Beijing activist Cao Shunli was seized by police at the State Council Information Office on the second day of the 18th National People’s Congress of the Communist Party of China for requesting public disclosure of China’s “National Human Rights Action Plan.”
On the morning of Oct. 18, Cao went to the Information Office of the Ministry of Foreign Affairs with around 100 other activists from various areas to ask for the release of all China’s human rights reports to be used at the United Nations Conference. They also requested to assist with drafting the “National Human Rights Action Plan.”
Previously, Cao and the others had already requested this information 11 times, but their case was not dealt with, so they turned to the Information Office of the Ministry of Foreign Affairs instead.
Cao then submitted an application to the office regarding the “National Human Rights Action Plan.” The office is supposed to respond within 15 working days, according to the government’s regulations for releasing information. However, as the last of the fifteen days happened to land on the opening day of the 18th Party Congress, Cao changed the inquiry date to Nov. 9 to avoid that sensitive day, according to Liu Xiaofang, who accompanied Cao, in an interviews with the Human Rights Defender online.
They waited outside the door for over an hour until the office staff members finally spoke with them. The staff claimed to be unable to give a specific answer to their request to release the information during the 18th Party Congress, giving them no choice but to leave.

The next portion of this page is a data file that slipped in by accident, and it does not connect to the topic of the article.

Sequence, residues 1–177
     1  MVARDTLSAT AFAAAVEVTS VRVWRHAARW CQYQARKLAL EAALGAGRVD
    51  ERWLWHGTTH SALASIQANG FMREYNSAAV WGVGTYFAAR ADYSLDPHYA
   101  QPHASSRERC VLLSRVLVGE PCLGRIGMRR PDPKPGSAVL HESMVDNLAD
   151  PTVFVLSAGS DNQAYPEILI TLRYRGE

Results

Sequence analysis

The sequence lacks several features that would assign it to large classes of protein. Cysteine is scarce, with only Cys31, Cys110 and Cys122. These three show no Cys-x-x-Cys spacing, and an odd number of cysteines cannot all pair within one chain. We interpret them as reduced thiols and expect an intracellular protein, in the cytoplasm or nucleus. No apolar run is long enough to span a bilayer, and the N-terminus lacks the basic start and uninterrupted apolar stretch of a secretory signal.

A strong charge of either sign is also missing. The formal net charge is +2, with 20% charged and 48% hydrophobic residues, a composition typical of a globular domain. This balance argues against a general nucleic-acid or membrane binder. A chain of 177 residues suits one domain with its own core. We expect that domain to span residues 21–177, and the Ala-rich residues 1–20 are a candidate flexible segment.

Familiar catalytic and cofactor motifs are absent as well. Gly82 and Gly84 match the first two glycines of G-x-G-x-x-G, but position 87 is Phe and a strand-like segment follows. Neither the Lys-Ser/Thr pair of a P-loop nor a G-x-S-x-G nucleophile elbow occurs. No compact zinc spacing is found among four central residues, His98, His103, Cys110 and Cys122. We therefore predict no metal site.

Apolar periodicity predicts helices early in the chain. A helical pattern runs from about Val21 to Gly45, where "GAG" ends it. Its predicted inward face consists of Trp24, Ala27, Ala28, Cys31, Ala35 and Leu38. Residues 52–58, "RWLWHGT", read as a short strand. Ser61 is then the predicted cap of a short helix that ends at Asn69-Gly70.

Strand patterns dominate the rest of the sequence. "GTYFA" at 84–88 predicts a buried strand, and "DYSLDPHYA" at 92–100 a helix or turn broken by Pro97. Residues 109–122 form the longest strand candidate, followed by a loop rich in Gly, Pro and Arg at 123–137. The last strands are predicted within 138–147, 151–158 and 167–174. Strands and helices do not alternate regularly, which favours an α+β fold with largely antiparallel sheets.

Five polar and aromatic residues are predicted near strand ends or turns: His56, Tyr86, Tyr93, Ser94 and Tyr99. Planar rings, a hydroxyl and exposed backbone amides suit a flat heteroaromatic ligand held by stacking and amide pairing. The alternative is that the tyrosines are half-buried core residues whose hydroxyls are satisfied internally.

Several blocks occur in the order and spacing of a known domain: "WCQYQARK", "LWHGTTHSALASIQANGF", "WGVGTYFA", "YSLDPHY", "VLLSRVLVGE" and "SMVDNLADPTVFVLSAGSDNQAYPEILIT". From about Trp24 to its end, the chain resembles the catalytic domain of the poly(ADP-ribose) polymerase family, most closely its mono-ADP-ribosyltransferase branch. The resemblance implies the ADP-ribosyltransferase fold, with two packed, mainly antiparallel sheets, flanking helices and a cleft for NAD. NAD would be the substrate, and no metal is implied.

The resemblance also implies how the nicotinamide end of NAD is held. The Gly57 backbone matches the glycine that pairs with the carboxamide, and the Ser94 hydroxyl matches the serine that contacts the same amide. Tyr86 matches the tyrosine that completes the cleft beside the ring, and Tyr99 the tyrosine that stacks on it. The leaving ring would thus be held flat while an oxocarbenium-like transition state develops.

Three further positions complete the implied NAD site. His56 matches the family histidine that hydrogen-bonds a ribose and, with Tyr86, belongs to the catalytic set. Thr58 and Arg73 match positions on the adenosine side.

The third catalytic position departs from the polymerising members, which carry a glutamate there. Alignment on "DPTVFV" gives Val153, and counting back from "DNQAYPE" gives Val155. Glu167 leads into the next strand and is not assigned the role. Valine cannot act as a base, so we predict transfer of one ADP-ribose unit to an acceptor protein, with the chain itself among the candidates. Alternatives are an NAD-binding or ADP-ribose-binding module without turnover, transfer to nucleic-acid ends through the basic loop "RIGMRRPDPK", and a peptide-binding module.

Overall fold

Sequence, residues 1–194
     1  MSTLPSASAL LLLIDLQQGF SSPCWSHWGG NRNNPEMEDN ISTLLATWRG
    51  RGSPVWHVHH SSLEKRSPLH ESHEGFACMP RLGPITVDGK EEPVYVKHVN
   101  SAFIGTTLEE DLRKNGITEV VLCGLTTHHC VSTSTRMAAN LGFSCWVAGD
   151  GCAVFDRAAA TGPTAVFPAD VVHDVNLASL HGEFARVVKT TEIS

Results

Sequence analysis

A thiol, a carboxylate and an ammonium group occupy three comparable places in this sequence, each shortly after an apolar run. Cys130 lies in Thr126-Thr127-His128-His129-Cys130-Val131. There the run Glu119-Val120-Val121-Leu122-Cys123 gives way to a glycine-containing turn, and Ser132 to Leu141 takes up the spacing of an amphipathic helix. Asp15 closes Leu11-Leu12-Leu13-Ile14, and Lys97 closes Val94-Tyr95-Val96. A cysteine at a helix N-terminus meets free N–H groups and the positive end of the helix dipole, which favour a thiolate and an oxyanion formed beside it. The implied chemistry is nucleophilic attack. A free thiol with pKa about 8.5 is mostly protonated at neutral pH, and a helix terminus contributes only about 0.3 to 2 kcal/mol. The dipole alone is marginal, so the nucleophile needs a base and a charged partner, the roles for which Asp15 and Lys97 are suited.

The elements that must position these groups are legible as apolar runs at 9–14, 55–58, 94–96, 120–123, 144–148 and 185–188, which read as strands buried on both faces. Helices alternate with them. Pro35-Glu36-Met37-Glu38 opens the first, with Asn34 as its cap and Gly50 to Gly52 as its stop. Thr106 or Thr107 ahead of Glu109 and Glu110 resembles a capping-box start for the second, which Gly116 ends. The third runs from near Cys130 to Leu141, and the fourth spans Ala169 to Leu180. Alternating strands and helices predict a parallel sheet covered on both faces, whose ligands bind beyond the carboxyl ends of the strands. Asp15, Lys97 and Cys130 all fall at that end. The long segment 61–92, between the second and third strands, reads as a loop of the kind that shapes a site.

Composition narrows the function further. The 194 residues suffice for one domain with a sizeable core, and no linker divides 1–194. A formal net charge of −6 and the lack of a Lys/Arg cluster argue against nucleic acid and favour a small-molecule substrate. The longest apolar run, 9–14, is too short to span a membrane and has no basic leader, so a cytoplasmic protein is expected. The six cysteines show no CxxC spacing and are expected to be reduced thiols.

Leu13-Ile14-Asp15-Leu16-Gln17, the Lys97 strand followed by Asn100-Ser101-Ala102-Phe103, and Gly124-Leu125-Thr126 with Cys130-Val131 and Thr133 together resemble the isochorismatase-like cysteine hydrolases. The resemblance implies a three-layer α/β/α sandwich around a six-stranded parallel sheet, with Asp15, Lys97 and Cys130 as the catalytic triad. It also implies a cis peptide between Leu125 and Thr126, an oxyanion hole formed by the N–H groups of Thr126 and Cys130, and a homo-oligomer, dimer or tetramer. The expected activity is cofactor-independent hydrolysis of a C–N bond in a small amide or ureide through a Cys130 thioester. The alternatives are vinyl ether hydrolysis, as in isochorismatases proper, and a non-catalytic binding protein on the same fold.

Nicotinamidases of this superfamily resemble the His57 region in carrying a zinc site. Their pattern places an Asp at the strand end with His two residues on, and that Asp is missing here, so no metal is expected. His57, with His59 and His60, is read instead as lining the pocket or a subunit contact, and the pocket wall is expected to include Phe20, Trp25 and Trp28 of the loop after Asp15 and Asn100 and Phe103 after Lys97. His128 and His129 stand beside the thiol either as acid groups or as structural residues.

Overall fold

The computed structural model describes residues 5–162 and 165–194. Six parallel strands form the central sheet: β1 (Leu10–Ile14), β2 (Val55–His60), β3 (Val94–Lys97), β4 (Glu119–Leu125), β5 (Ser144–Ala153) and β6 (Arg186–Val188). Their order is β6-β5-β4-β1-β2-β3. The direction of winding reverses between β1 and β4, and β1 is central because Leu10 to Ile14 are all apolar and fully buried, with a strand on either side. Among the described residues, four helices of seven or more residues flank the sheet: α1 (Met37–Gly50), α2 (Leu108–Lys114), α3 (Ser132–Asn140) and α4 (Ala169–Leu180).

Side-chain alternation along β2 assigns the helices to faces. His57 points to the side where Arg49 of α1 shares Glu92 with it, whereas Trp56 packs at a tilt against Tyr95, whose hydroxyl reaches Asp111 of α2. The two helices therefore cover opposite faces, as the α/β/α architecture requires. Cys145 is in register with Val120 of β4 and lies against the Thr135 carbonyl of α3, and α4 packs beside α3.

When they reached the front entrance, it was around 5 p.m. Multiple police officers were waiting for them there and they suddenly forced Cao into a police car. The vehicle quickly sped south; however, its destination was neither Cao’s home nor the district police station.
Currently, Cao’s cellphone is not connecting, and there is no way of knowing where he was taken by the police officers, according to Human Rights Defender.
Cao has always been concerned about China’s human rights situation, especially the survival and requests of petitioners and human rights groups. He has twice been placed in a labor camp, placed repeatedly in administrative detention, and is often subject to monitoring and house arrest.
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